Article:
I'd also say that Frank gets it right again when he warns against too great an over-reaction to these failures. What we have done is done. The story of Iraq is just beginning, and we'd be nuts to predict catastrophe (almost as nuts as those who once predicted easy success). Democracy is vital for defanging Islamism in the Middle East, and whatever the real risk level of WMDs and terrorism, we have no alternative to patience. This will take a generation; and it will mean a period in which Islamists may well run countries and gain lethal weaponry. It will take huge skill on the part of our leaders to navigate this period without catastrophe. But the same could have been said for the early Cold War period as well.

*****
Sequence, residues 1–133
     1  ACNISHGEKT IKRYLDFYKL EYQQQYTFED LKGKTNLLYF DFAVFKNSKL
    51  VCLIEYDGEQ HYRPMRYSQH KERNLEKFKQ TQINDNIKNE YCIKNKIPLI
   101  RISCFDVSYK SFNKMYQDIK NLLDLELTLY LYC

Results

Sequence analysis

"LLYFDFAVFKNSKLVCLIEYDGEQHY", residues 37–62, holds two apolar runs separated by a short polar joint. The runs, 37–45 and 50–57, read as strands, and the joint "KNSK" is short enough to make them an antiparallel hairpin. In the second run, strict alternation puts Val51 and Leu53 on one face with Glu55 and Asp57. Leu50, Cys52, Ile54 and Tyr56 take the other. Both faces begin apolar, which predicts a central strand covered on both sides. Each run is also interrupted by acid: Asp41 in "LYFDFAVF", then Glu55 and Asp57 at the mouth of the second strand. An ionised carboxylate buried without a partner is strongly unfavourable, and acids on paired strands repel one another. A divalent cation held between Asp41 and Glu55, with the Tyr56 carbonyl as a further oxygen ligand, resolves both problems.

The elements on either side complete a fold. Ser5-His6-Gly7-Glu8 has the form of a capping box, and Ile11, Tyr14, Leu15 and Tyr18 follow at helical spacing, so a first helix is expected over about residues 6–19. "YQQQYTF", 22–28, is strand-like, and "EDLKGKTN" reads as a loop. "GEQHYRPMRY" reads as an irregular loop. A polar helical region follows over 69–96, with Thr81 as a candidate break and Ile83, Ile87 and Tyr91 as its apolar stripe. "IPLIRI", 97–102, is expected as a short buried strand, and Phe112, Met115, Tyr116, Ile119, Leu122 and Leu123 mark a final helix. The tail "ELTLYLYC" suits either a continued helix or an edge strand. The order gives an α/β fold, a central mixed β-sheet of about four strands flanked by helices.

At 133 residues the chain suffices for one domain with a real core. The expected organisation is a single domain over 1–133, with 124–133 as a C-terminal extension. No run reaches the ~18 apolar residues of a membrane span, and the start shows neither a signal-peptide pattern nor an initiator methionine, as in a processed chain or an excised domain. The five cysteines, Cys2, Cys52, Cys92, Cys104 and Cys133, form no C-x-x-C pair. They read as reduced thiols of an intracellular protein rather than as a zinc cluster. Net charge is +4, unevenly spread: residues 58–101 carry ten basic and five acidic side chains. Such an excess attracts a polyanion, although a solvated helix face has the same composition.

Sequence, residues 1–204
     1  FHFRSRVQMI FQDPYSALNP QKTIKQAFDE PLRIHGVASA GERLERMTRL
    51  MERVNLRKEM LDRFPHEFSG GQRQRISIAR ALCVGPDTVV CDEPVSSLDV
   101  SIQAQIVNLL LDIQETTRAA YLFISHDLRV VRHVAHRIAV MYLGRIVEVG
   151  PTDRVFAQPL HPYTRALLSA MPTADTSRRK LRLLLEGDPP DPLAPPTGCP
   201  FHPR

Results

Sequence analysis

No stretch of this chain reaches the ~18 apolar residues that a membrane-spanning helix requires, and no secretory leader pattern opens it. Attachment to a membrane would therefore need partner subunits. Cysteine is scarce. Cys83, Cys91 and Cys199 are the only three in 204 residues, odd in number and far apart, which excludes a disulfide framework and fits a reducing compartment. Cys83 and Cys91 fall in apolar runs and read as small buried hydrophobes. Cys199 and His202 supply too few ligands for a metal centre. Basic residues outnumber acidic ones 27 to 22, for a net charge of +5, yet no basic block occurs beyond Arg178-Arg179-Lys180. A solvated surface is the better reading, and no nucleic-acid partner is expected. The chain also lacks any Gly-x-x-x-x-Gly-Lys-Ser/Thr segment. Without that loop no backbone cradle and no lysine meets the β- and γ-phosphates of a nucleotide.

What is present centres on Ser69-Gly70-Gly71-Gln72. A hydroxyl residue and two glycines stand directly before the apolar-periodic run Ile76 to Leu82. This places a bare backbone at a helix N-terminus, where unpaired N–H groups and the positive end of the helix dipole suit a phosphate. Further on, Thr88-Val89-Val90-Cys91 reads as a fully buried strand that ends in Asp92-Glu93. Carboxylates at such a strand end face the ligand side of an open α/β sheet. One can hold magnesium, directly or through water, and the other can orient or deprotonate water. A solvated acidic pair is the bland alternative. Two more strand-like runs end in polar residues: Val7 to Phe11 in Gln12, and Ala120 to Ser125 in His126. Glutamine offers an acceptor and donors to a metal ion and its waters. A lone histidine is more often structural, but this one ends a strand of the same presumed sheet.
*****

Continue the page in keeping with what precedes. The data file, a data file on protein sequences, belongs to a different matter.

I like Fukuyama's distinction between Marxism and Leninism here - between the neocons who retained analytic distance and those who were eager to force historical change. But the real Leninists in this new millennium were not the neocons; they were the Islamists. Without 9/11, George W. Bush might still believe that China was our number one foreign policy challenge. Al Qaeda forced the historical process forward; we responded. A future conservative politics that both internalizes the importance of democratic change abroad, but is more attuned to the limits of military force and resilience of foreign culture is what we have to start building and re-thinking. I'd pay particular attention to repairing international institutions, restoring the executive branch's respect for the rule of law, and ending the nightmare of torture. But we will forge no new approaches until we recognize our blatant errors in previous ones. Fukuyama does us all a favor by laying those errors out in full view.